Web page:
VIENNA — Residents voted to increase what the town pays for the vacant newsletter editor position, as well as the town’s webmaster, and discussed but decided against doing the same for the code enforcement officer at Saturday morning’s annual Town Meeting.

Overall, the budget items approved by the approximately 35 voters at the meeting are expected to result in an increase in town spending of about $25,000, according to Selectboard Chairwoman Dodi Thompson.

Residents approved amendments to add to the approximately $594,000 town budget, though only by a little bit Saturday, adding $250 to the compensation of the town newsletter editor and town webmaster, increasing each from $500 to $750 per year.

With the newsletter editor position currently vacant, the resident who moved to increase funding noted that maybe upping the pay to $750 could help attract someone to take on the role.

That prompted resident Marianne Archard to suggest that maintaining the town’s website is just as hard, if not harder, than putting out the newsletter. So she proposed an amendment, which residents approved, to also up the pay of the webmaster to $750.

Residents later discussed, but decided against, increasing the pay for the code enforcement officer, a position held by Gary Fuller.

Dan Onion, the town’s health officer, expressed concern that the proposed $15 an hour, plus fees generated from permits, for the code enforcement officer might not be enough to pay someone who could provide consistent access to the town when code issues need to be dealt with.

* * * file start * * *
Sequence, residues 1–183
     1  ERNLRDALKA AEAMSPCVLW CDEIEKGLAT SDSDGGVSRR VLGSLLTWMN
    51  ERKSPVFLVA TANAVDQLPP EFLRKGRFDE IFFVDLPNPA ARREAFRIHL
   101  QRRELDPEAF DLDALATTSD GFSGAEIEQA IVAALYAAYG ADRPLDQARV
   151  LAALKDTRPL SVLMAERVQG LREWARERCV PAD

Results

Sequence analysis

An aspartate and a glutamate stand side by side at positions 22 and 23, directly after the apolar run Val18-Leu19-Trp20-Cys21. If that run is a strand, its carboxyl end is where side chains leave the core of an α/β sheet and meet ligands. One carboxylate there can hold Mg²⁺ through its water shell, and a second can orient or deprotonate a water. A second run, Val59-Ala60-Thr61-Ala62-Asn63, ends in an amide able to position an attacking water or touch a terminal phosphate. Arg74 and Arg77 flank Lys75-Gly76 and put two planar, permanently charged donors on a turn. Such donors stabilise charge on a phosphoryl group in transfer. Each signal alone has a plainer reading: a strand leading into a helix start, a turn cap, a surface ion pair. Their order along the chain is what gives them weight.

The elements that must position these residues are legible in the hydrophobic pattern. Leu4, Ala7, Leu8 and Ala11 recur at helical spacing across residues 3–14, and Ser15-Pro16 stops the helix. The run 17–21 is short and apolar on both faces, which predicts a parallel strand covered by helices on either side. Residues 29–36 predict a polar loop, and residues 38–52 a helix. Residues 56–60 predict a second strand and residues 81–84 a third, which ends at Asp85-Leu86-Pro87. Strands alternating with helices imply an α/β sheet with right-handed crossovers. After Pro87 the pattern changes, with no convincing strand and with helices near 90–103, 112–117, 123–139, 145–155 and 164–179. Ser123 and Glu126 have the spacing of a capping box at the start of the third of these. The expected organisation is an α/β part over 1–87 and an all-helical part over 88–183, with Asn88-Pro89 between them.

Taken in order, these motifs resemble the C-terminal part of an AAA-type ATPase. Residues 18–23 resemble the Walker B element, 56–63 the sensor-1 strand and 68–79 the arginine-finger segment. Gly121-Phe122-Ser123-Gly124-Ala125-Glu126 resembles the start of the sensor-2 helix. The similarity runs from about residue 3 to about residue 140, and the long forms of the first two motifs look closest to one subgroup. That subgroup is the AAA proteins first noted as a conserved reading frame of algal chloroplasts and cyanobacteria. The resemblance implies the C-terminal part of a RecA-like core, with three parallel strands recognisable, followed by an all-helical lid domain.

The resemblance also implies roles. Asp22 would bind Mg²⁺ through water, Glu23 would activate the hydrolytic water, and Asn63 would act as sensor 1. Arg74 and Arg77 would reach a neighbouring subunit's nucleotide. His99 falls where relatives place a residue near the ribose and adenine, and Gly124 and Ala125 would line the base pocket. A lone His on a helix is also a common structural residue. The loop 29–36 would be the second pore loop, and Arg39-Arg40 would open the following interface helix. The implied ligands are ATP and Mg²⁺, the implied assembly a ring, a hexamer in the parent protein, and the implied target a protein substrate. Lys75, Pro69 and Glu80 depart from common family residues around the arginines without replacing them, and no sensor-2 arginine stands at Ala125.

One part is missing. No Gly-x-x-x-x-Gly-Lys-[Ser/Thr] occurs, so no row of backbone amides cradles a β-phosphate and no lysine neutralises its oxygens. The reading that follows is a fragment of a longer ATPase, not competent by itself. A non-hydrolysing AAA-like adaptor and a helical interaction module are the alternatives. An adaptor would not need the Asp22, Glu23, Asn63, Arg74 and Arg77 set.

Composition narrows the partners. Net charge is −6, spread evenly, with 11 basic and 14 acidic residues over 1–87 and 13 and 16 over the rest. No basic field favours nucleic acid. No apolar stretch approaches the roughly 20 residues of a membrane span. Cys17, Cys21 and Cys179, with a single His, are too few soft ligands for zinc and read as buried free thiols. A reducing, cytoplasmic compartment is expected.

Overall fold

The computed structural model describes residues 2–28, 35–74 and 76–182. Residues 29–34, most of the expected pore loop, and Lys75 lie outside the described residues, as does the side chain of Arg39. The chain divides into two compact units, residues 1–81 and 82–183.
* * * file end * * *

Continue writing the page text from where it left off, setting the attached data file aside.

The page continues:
“As health officer, I depend on a reliable code enforcement officer,” Onion said. “It’s important to me we have somebody available. Is this going to be sufficient?”

John Archard, plumbing inspector and a former codes officer for the town, said $15 is what he was paid, and he had no problem with that amount.

Selectman Chris Smith said Fuller has not asked for a raise and has done excellent work for the town, sometimes even not charging the town when he came to Vienna to do some code enforcement work last year.

“If Gary’s not asking for a raise, I don’t think we need to raise that amount,” Archard said.

Residents agreed and approved $15 an hour for the codes officer, the amount recommended by selectmen.

Residents took just over an hour to plow through the 53 warrant articles.

The meeting was preceded, Friday night, by the town election, which featured only one candidate, Smith, who was re-elected as a selectman with 25 votes, topping two residents who each got one write-in vote apiece, according to Steve Hayes who moderated Saturday’s meeting.

Hayes opened by telling residents it was their town meeting and his job to assist them. He said he’d follow the standard rules for town meetings, but if residents had a problem with any of his rulings, they could decide to use whatever rules they wanted to resolve the issue.

“Which sounds perfectly Vienna to me,” Hayes joked.

While discussing an article providing $2,200 to pay the interest on a tax anticipation note, if the town needs one to pay bills before taxes are collected, resident Ken Kokernak, a former municipal official in the area, suggested the town should change its fiscal year to a July-to-June schedule. He said it’d be easy to do and would make it easier on taxpayers as they’d have their two tax payments spread out over six months, instead of the current three months.

Thompson and Selectman Jeff Rackliff said the town hasn’t needed to get a tax anticipation note in several years, and the $2,200 was just in case it’s needed.

Hayes noted changing the fiscal year isn’t something that could be done at Saturday’s meeting anyway because no such proposal was included on the warrant.

On a motion from Fire Chief Brian Church, residents amended an article fixing the pay for firefighters for attendance at training sessions and fire calls from the initially recommended $11 an hour to, instead, the state minimum wage. Church said that would prevent residents from having to vote to increase that pay when the state’s minimum wage increases.

 

Keith Edwards — 621-5647
[email protected]
Twitter: @kedwardskj

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